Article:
18. Brown, Tom B.; Mann, Benjamin; Ryder, Nick; Subbiah, Melanie; Kaplan, Jared; Dhariwal, Prafulla; Neelakantan, Arvind; Shyam, Pranav et al. (Dec 2020). Larochelle, H.; Ranzato, M.; Hadsell, R. et al.. eds. "Language Models are Few-Shot Learners". Advances in Neural Information Processing Systems (Curran Associates, Inc.) 33: 1877–1901. 
  19. Manning, Christopher D. (2022). "Human Language Understanding & Reasoning". Daedalus 151 (2): 127–138. doi:10.1162/daed_a_01905. 
  20. Hornstein, Norbert; Lasnik, Howard; Patel-Grosz, Pritty; Yang, Charles (2018-01-09) (in en). Syntactic Structures after 60 Years: The Impact of the Chomskyan Revolution in Linguistics. Walter de Gruyter GmbH & Co KG. ISBN 978-1-5015-0692-5. Retrieved 11 December 2021. 
  21. Karlgren, Jussi; Schutze, Hinrich (2015), "Evaluating Learning Language Representations", International Conference of the Cross-Language Evaluation Forum, Lecture Notes in Computer Science, Springer International Publishing, pp. 254–260, doi:10.1007/978-3-319-64206-2_8, ISBN 9783319642055 
  22. Devlin, Jacob; Chang, Ming-Wei; Lee, Kenton; Toutanova, Kristina (2018-10-10). "BERT: Pre-training of Deep Bidirectional Transformers for Language Understanding". arXiv:1810.04805 [cs.CL].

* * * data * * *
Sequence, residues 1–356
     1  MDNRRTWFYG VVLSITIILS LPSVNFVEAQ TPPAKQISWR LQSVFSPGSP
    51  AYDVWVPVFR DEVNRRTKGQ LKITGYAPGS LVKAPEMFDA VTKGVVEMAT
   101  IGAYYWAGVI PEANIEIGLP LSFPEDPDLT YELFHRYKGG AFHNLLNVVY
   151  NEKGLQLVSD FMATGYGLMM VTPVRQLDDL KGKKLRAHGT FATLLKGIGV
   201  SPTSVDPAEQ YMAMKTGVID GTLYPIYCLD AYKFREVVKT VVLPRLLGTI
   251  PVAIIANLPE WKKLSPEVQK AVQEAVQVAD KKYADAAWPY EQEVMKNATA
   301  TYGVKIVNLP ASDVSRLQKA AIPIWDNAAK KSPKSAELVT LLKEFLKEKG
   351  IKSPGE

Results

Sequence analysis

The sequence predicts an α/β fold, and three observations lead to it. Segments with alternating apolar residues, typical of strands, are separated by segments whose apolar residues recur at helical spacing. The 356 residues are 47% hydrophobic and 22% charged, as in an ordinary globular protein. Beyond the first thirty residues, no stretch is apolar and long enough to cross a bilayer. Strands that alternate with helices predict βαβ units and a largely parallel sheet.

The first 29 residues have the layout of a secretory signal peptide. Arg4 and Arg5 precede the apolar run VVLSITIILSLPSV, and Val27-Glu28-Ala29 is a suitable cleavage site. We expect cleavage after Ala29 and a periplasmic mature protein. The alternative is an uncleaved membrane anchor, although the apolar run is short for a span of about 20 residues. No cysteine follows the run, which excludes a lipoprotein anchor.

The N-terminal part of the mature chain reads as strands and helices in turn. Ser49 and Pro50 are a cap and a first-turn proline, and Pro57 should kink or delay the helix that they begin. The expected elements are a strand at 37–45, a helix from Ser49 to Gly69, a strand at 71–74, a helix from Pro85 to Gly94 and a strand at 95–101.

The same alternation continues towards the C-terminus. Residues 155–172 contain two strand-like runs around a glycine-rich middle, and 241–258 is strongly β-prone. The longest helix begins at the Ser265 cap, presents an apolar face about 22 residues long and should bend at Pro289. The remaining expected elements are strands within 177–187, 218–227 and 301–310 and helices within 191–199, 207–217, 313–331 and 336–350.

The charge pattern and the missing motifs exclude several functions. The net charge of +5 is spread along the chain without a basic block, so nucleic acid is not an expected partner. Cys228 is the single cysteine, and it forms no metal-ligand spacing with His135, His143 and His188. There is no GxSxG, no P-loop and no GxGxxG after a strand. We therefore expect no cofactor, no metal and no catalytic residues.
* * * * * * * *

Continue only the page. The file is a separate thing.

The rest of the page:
23. "The Corpus of Linguistic Acceptability (CoLA)". 
  24. "GLUE Benchmark" (in en). 
  25. "Microsoft Research Paraphrase Corpus" (in en-us). 
  26. Aghaebrahimian, Ahmad (2017), "Quora Question Answer Dataset", Text, Speech, and Dialogue, Lecture Notes in Computer Science, 10415, Springer International Publishing, pp. 66–73, doi:10.1007/978-3-319-64206-2_8, ISBN 9783319642055 
  27. Sammons, V.G.Vinod Vydiswaran, Dan Roth, Mark; Vydiswaran, V.G.; Roth, Dan. "Recognizing Textual Entailment". 
  28. "The Stanford Question Answering Dataset". 
  29. "Recursive Deep Models for Semantic Compositionality Over a Sentiment Treebank". 
  30. Hendrycks, Dan (2023-03-14), Measuring Massive Multitask Language Understanding,, retrieved 2023-03-15 

Further reading

  • J M Ponte; W B Croft (1998). "A Language Modeling Approach to Information Retrieval". pp. 275–281. 
  • F Song; W B Croft (1999). "A General Language Model for Information Retrieval". pp. 279–280.